Sierra and Quinn to PD. Is teacher’s daughter in waiting area? or waiting area empty so they can talk to PD clerk, see her behavior b4 Chief enters waiting area, escorts teacher and daughter into waiting area. Conflict between Chief and Sierra

…AgCat? Pawnee? Cessna 188?…turbine–which? JT8D? naw, probably PT6. What other plane would FBO have? 182? Seminole? Cherokee? 310? probably single engine–turbine? Or maybe Cessna 210? don’t do lessons, so wouldn’t need to keep it down to 172 or 182… What about …”

Pretty disjointed, right? Every writer has a way to brainstorm, but whether they write the ideas down or just talk them through, the storm is messy. Necessarily so–if it wasn’t messy, we’d probably call it something like “stream of consciousness” or “conversations with one’s self.”

Free-writing allows you to just write through your ideas without any constraints. I find as I free-write I’ll make notes I go back to later on, like the note about changing a character name, or the other note about checking on BCA offices in northern MN. It’s the lack of structure, I think, that encourages idea-generation. I don’t have to worry about complete sentences or even spelling (except I still have to read it 🙂 ). It’s like throwing ideas against the brainstorming wall, but without the goopy mess.

I’ve been working on an outline for my next book. Any good story has conflict, suspense, chase scenes–wait–no, that’s TV shows from the 80s. I end up writing a sentence or three about each scene conflict, then bridge them–sort of. My process has evolved from typing the mind dumps into the computer (at least in the beginning) to using pencil and paper, because I’ve discovered the act of writing helps me work through the story. Once I have a pretty good idea about the outline, I’ll enter it into the worksheets I’ve got in the computer (I use Karen Wiesner’s worksheets from her book First Draft in 30 Days).

Of course, everything is fluid. An outline for me isn’t set in stone; it’s more a series of guideposts through the story. The more I free-write through the major scenes, the more I refine them. For instance, the victim in the book is the son-in-law of a favorite teacher, but the teacher must be a suspect. So, there has to be a reason he’s a suspect. At first, I had one idea, but it seemed a little weak. As I wrote, I added another reason. Better, but still not quite there. Ooo, I’ve got it. The idea I finally hit on makes the conflict more personal, and raises suspicion to the point where when he is taken into custody, it makes more sense.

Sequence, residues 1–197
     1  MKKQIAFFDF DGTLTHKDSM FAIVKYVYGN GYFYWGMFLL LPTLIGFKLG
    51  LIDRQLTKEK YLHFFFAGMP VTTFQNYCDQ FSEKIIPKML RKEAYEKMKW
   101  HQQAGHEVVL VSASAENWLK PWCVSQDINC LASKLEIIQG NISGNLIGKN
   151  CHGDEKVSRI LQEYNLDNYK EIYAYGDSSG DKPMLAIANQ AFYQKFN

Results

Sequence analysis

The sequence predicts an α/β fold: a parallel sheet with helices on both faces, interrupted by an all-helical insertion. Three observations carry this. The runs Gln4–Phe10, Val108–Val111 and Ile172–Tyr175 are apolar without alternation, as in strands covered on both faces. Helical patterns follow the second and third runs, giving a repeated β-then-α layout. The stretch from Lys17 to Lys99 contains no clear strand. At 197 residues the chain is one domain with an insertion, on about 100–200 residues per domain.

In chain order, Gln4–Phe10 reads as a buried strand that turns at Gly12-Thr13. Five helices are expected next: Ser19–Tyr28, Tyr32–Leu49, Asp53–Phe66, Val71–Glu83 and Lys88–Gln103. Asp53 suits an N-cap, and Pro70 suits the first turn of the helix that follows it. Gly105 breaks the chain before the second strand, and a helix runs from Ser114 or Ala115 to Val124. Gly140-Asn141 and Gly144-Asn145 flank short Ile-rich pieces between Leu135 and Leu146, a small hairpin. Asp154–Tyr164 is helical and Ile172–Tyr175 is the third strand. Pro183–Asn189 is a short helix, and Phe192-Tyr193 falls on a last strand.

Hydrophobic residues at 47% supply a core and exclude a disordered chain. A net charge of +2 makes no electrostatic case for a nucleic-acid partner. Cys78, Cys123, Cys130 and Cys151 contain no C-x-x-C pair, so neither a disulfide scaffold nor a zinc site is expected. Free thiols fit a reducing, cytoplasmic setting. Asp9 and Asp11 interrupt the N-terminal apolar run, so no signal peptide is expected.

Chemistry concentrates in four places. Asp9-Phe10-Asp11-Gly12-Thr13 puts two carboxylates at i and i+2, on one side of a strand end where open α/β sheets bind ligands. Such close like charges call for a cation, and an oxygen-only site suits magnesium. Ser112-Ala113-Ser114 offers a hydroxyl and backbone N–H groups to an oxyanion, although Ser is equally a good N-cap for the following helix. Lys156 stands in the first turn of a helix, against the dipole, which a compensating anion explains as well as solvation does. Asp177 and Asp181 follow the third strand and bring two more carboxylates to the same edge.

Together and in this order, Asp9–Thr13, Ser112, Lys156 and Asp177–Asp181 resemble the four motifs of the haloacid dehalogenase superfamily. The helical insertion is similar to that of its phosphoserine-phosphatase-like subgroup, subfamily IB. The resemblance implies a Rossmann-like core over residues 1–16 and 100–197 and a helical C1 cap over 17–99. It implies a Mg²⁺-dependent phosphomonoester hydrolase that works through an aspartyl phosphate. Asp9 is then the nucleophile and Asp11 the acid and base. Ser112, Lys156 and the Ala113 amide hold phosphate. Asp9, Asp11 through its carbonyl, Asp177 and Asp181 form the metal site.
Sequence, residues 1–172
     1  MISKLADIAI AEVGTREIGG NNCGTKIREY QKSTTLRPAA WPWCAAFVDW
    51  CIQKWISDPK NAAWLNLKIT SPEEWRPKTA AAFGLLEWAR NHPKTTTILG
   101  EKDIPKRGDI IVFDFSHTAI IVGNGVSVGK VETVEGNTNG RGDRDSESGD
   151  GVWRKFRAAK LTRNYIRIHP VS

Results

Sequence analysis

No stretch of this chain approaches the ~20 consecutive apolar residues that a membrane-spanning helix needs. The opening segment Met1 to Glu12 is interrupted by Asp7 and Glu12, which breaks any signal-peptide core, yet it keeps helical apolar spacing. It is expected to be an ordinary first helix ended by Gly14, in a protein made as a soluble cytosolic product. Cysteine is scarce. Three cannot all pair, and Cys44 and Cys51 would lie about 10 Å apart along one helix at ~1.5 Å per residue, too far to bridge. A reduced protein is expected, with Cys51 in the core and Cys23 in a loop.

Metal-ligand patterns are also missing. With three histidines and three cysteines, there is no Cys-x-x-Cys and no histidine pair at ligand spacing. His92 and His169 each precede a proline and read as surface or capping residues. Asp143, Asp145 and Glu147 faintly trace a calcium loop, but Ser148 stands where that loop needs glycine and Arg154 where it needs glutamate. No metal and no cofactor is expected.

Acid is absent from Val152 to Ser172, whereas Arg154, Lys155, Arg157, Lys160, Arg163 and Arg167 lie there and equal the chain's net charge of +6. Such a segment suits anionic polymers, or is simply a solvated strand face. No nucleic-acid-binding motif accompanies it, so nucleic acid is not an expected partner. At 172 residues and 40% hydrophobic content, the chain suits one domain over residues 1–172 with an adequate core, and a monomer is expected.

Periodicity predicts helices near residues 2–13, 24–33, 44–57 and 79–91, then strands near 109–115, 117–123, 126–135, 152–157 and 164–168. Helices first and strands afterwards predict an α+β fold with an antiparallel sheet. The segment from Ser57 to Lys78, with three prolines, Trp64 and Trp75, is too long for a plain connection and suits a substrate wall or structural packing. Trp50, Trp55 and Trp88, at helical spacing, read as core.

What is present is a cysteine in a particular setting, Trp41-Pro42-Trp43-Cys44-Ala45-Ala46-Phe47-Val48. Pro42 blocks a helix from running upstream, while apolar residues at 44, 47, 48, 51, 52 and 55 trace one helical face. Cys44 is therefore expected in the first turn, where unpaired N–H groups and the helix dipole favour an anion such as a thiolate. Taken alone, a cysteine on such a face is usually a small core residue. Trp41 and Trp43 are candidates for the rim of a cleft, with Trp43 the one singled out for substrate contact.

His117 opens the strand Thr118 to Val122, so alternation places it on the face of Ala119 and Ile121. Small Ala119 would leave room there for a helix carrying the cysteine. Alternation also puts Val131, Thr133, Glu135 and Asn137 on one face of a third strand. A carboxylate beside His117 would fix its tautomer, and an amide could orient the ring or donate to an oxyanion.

Each writer works through planning (or pantsing) differently. The more you write and the more you learn about the process and practice of writing, the more fine-tuned your process will become. It’s like gardening every year. What works one year may work the next year, but maybe not. Then you try something new, and it either works well, sort of works, or bombs. You adjust for the next year. Each year you get better, because your process evolves.

If something works for you, by all means, keep it going. But don’t hesitate to try something new for a project. You might discover it works really well, or at least well enough to give you options when one method isn’t working for that particular project.

Do you free-write when you brainstorm a project? What works for you?

Have a great writing weekend!


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Anatomy of a Mystery

Sounds like I know what I’m doing, doesn’t it?

Ha! Fooled you!

The idea for this post came as I drove to work this morning pondering again how to strengthen my revised outline for my next WIP. Right now, I’m writing mystery (as opposed to fantasy, my other main genre). In general, and specifically for mysteries, I’ve received guidance from my wonderful writing sisters.

You gals have no idea how much I appreciate your help!

There are a few things I’ve learned about writing, and writing mysteries in particular:

  • Deadlines. There should be some time limit the protagonists are up against, whether it’s a bodily threat or some other threat. It could be anything from the killer striking again to Uncle Buck getting full possession of the estate or the wedding that can’t be rescheduled.
  • Dead bodies. My very first draft of the WIP I’m now working on had no dead bodies. There were threats, and a deadline, but no dead guys/gals. Yeah–no. It’s like a prerequisite. If there’s no dead bodies, it’s less a full-out adult-level mystery and more Encyclopedia Brown or the Three Investigators. Enjoyed those stories, but I don’t write MG or YA, where dead bodies are discouraged (real life is violent enough). Even cozy mysteries have dead bodies.